Well, thank you for your love; and I praise that Lord that I could be of help to you. You're welcome; you're welcome; you're welcome!
  14. Trying To Find TRADITIONAL Wedding Vows

    Brother Garry, The following are the wedding vows that I myself have adapted and used for the two (and only two) weddings which I have performed over my 18 years as pastor of Melvin Baptist Church -- Wedding Vows Although the one-flesh relationship of marriage brings many joys, it also involves many responsibilities. God’s Holy Word, the Bible, reveals these God-ordained responsibilities to both the husband and the wife. Miss Rebekah Loggans, in the opening half of Proverbs 12:4 God’s Word declares, “A virtuous woman is a crown to her husband.” Again in Proverbs 31:10-12 God’s Word declares, “Who can find a virtuous woman? For her price is far above rubies. The heart of her husband doth safely trust in her, so that he shall have no need of spoil. She will do him good and not evil all the days of her life.” Yet again in Ephesians 5:22-24 God’s Word declares, “Wives, submit yourselves unto your own husbands, as unto the Lord. For the husband is the head of the wife, even as Christ is the head of the church: and he is the saviour of the body. Therefore as the church is subject unto Christ, so let the wives be to their own husbands in every thing.” Finally, in 1 Peter 3:3-4 God’s Word declares, “Whose adorning let it not be that outward adorning of plaiting the hair, and of wearing of gold, or of putting on of apparel; but let it be the hidden man of the heart, in that which is not corruptible, even the ornament of a meek and quiet spirit, which is in the sight of God of great price.” Mr. Ronald Edington, your responsibility in this holy and honorable relationship is even greater; for in the opening portion of Genesis 2:24 God’s Word declares, “Therefore shall a man leave his father and his mother, and shall cleave unto his wife.” Again in Ephesians 5:25-29 God’s Word declares, “Husbands, love your wives, even as Christ also loved the church, and gave himself for it; that he might sanctify and cleanse it with the washing of water by the word, that he might present it to himself a glorious church, not having spot, or wrinkle, or any such thing; but that it should be holy and without blemish. So ought men to love their wives as their own bodies. He that loveth his wife loveth himself. For no man ever yet hated his own flesh; but nourisheth and cherisheth it, even as the Lord the church.” Yet again in Colossians 3:19 God’s Word declares, “Husbands, love your wives, and be not bitter against them.” Finally, in 1 Peter 3:7 God’s Word declares, “Likewise, ye husbands, dwell with them according to knowledge, giving honour unto the wife, as unto the weaker vessel, and as being heirs together of the grace of life; that your prayers be not hindered.” Christian marriage is not living merely for each other. It is two persons becoming one flesh, uniting to serve the Lord our God together. Seek first His kingdom and His righteousness, and He will add all other things to you. Ever relate to one another in godly love, being compassionate, kind, humble, meek, and longsuffering, forbearing one another and forgiving one another. Do not expect perfection of one another. Although you need not minimize each other’s weaknesses, always be quick to praise, magnify, and give thanks for each other’s attractiveness, strengths, efforts, and accomplishments. “Be swift to hear, slow to speak, slow to wrath.” Let the peace of God rule in your hearts and in your home. Let the Lord Jesus Christ be the central figure of your marriage relationship together. Ever serve Him joyfully and faithfully together, until He returns in glory, or until at last one shall lay the other to rest in the arms of the Savior. And do all of this through the grace that is in Christ Jesus our Lord. So then, considering the significance and the responsibilities of the marriage relationship, it should not be entered into thoughtlessly, insincerely, or inadvisably, but reverently, discreetly, and in the fear of God. You both stand before us as the children of God, eternally redeemed through faith in the Lord Jesus Christ as Savior from sin. Do you intend to establish a home that is truly Christ-centered, where the Word of God is loved, studied, and obeyed, a home that is knit together by prayer and godly love, in which the Holy Spirit is your constant Guide? Groom and Bride – We do. Pastor – Mr. Ronald Edington, do you now make a public and solemn covenant before God to receive this woman as your wedded wife, to love her, nourish her, cherish her, honor her, and cleave only unto her in sickness and in health, in prosperity and in adversity, in joy and in sorrow, and forsaking all others, to keep yourself only unto her, so long as you both shall live? Groom – I do. Pastor – Miss Rebekah Loggans, do you now make a public and solemn covenant before God to accept this man as your wedded husband, to love him, reverence him, support him, obey him, and submit yourself unto him, in sickness and in health, in prosperity and in adversity, in joy and in sorrow, and forsaking all others, to keep yourself only unto him, so long as you both shall live? Bride – I do. Pastor to Couple – Will you please join your right hands and repeat after me? I, Ronald Edington, take thee, Rebekah Loggans, to be my wedded wife, to have and to hold, from this day forward, for better or for worse, for richer, for poorer, in sickness and in health, to love and to cherish, till death do us part, according to God’s holy ordinance; and hereto I pledge thee my faithfulness. I, Rebekah Loggans, take thee, Ronald Edington, to be my wedded husband, to have and to hold, from this day forward, for better or for worse, for richer, for poorer, in sickness and in health, to love and to cherish, till death do us part, according to God’s holy ordinance; and hereto I pledge thee my faithfulness.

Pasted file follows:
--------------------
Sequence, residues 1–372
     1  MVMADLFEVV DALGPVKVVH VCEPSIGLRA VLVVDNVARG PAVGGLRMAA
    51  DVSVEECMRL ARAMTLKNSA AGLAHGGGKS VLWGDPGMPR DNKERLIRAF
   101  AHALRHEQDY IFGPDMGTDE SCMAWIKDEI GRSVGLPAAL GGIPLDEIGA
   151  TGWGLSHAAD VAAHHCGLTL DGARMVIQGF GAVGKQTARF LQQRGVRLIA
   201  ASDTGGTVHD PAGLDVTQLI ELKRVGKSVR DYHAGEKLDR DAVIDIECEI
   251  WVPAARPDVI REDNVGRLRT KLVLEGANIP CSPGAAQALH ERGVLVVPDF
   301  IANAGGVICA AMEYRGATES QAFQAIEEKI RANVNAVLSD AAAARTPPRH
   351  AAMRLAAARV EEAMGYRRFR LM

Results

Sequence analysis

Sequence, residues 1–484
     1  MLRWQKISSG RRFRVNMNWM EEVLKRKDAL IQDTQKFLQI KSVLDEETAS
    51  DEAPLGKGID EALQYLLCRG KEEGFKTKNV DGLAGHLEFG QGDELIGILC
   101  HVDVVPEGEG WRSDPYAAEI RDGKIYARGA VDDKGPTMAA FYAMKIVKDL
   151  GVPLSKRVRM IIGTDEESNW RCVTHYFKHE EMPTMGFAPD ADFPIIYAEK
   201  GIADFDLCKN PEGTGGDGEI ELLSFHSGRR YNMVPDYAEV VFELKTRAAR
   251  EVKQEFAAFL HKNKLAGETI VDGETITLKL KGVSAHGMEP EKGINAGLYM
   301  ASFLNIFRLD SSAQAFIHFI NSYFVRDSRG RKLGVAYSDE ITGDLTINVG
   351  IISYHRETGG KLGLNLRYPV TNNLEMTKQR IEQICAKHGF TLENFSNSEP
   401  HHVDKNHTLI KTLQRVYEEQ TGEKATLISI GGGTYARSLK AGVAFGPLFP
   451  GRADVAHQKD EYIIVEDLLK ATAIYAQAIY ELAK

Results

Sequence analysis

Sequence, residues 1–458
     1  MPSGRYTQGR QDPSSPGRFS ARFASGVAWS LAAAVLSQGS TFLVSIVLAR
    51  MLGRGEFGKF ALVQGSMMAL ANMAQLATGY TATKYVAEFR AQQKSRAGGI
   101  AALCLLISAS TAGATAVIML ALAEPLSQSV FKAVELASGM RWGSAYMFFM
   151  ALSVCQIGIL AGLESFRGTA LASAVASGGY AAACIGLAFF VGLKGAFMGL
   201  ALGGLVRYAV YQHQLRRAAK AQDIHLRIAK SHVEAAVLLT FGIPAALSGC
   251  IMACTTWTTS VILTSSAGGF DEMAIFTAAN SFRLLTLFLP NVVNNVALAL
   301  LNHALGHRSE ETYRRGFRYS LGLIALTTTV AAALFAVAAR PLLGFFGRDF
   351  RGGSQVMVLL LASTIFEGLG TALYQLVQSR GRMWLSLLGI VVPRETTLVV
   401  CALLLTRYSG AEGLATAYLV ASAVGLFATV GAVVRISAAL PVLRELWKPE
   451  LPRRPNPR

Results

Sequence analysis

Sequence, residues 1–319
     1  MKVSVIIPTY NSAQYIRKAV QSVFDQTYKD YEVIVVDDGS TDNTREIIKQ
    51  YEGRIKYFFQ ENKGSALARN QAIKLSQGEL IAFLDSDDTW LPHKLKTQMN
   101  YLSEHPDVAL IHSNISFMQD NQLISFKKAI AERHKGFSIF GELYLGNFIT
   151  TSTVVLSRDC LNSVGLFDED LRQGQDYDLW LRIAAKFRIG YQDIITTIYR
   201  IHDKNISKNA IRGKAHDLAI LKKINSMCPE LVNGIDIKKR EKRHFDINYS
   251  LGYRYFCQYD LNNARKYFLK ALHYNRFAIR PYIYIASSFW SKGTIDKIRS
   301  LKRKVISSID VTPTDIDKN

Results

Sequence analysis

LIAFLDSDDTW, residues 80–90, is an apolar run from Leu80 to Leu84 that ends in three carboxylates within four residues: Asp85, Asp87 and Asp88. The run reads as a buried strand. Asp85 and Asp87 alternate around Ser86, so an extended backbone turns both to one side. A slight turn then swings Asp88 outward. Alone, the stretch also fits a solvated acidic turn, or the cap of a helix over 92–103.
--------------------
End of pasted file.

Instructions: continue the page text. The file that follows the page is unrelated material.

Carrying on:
15. Responding to monergists/calvinists

    John 6:44-45 -- "No man can come to me, except the Father draw him: and I will raise him up at the last day. It is written in the prophets, And they shall be all taught of God. Every man therefore that hath heard, and hath learned of the Father, cometh to me." 1. No lost sinner, not even one, has the ability in and of him or her self to come unto the Lord Jesus Christ as Savior apart from the drawing work of God the Father. 2. Those lost sinners who are experiencing the drawing work of God the Father have the ability to come unto the Lord Jesus Christ as Savior, specifically granted through the gracious drawing work of God the Father. 3. Since a lost sinner only has the ability to come unto the Lord Jesus Christ as Savior through the gracious drawing work of God the Father, that lost sinner only has the ability to come at those specific times wherein he or she is experiencing the drawing work of God the Father, and only as long as he or she continues to experience the drawing work of God the Father. 4. God the Father engages in His drawing work upon the hearts of all lost sinners ("And they shall be all taught of God"), although He may choose not to do so continually, and although He may also choose to cease that work of drawing at some point in a lost sinner's life. 5. Those lost sinners who actually do come unto the Lord Jesus Christ as Savior are those who both (1) have experienced the drawing work of God the Father ("Every man therefore that hath heard") and (2) have responded aright unto that drawing work by learning that which God the Father is seeking to teach through His work of drawing ("And hath learned of the Father"). 6. Although all lost sinners experience the drawing work of God the Father, some resist that drawing work and thereby refuse to learn that which God the Father is seeking to teach through His work of drawing; therefore, such lost sinners, by their own willful rebellion against the drawing work of God the Father, do not come unto the Lord Jesus Christ as Savior. 7. All lost sinners who actually do come unto the Lord Jesus Christ as Savior shall be raised up at the last day by the power of Jesus Christ the Savior.